HARD-LINE conservatives have gone to new extremes lately in opposing abortion. Last week, Richard Mourdock, the Tea Party-backed Republican Senate candidate in Indiana, declared during a debate that he was against abortion even in the event of rape because after much thought he “came to realize that life is that gift from God. And even when life begins in that horrible situation of rape, that it is something that God intended to happen.” That came on the heels of the Tea Party-backed Republican Representative Joe Walsh of Illinois saying after a recent debate that he opposed abortion even in cases where the life of the mother is in danger, because “with modern technology and science, you can’t find one instance” in which a woman would not survive without an abortion. “Health of the mother has become a tool for abortions anytime, for any reason,” Walsh said. That came in the wake of the Senate hopeful in Missouri, Representative Todd Akin, remarking that pregnancy as a result of “legitimate rape” is rare because “the female body has ways to try and shut that whole thing down.”

      These were not slips of the tongue. These are the authentic voices of an ever-more-assertive far-right Republican base that is intent on using uncompromising positions on abortion to not only unseat more centrist Republicans — Mourdock defeated the moderate Republican Senator Richard Lugar of Indiana in the primary — but to overturn the mainstream consensus in America on this issue. That consensus says that those who choose to oppose abortion in their own lives for reasons of faith or philosophy should be respected, but those women who want to make a different personal choice over what happens with their own bodies should be respected, and have the legal protection to do so, as well.
      But judging from the unscientific — borderline crazy — statements opposing abortion that we’re hearing lately, there is reason to believe that this delicate balance could be threatened if Mitt Romney and Representative Paul Ryan, and their even more extreme allies, get elected. So to those who want to protect a woman’s right to control what happens with her own body, let me offer just one piece of advice: to name something is to own it. If you can name an issue, you can own the issue. And we must stop letting Republicans name themselves “pro-life” and Democrats as “pro-choice.” It is a huge distortion.
       In my world, you don’t get to call yourself “pro-life” and be against common-sense gun control — like banning public access to the kind of semiautomatic assault rifle, designed for warfare, that was used recently in a Colorado theater. You don’t get to call yourself “pro-life” and want to shut down the Environmental Protection Agency, which ensures clean air and clean water, prevents childhood asthma, preserves biodiversity and combats climate change that could disrupt every life on the planet. You don’t get to call yourself “pro-life” and oppose programs like Head Start that provide basic education, health and nutrition for the most disadvantaged children. You can call yourself a “pro-conception-to-birth, indifferent-to-life conservative.” I will never refer to someone who pickets Planned Parenthood but lobbies against common-sense gun laws as “pro-life.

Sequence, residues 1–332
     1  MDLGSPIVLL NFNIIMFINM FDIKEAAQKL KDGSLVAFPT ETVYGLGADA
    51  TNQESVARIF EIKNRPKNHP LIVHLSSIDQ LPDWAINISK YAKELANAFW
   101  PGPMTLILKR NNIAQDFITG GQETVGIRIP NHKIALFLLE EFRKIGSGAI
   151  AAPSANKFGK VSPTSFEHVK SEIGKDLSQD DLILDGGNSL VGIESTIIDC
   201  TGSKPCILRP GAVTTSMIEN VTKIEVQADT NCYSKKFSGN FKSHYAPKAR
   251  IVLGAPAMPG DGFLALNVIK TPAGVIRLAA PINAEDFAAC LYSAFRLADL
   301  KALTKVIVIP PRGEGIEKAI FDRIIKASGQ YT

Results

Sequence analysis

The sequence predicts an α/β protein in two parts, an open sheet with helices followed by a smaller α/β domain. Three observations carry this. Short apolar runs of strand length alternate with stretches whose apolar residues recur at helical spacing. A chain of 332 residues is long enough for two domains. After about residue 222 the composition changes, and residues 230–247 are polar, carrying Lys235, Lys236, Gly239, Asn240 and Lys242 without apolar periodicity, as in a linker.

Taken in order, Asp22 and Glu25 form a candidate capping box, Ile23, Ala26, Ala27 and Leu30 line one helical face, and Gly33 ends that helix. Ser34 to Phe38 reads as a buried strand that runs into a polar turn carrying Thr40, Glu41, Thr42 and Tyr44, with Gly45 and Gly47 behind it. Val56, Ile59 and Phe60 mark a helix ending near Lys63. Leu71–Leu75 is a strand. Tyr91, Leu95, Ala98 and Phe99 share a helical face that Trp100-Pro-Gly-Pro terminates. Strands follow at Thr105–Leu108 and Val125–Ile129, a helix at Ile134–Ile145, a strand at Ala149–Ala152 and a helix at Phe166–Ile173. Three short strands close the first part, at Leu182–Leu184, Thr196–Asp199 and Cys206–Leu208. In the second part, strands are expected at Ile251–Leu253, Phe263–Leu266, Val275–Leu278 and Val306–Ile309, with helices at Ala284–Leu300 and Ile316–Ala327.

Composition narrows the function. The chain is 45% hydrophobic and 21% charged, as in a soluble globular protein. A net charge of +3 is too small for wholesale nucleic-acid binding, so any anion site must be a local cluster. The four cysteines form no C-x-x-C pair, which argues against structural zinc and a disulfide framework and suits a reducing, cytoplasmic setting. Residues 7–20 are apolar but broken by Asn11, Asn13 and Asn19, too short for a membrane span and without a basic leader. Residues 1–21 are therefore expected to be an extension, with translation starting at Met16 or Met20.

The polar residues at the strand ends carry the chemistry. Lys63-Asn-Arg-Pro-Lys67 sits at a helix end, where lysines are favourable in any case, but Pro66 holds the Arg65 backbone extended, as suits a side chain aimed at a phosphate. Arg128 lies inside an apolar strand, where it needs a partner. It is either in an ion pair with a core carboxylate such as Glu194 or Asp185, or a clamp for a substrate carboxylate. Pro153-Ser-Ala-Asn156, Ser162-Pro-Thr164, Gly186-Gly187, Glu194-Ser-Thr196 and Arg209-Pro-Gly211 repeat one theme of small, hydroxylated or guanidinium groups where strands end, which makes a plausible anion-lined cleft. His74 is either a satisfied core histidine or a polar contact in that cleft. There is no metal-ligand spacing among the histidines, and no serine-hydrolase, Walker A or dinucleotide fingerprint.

“Pro-life” can mean only one thing: “respect for the sanctity of life.” And there is no way that respect for the sanctity of life can mean we are obligated to protect every fertilized egg in a woman’s body, no matter how that egg got fertilized, but we are not obligated to protect every living person from being shot with a concealed automatic weapon. I have no respect for someone who relies on voodoo science to declare that a woman’s body can distinguish a “legitimate” rape, but then declares — when 99 percent of all climate scientists conclude that climate change poses a danger to the sanctity of all life on the planet — that global warming is just a hoax.
      The term “pro-life” should be a shorthand for respect for the sanctity of life. But I will not let that label apply to people for whom sanctity for life begins at conception and ends at birth. What about the rest of life? Respect for the sanctity of life, if you believe that it begins at conception, cannot end at birth. That radical narrowing of our concern for the sanctity of life is leading to terrible distortions in our society.
       Respect for life has to include respect for how that life is lived, enhanced and protected — not only at the moment of conception but afterward, in the course of that life. That’s why, for me, the most “pro-life” politician in America is New York City Mayor Michael Bloomberg. While he supports a woman’s right to choose, he has also used his position to promote a whole set of policies that enhance everyone’s quality of life — from his ban on smoking in bars and city parks to reduce cancer, to his ban on the sale in New York City of giant sugary drinks to combat obesity and diabetes, to his requirement for posting calorie counts on menus in chain restaurants, to his push to reinstate the expired federal ban on assault weapons and other forms of common-sense gun control, to his support for early childhood education, to his support for mitigating disruptive climate change.
      Now that is what I call “pro-life.”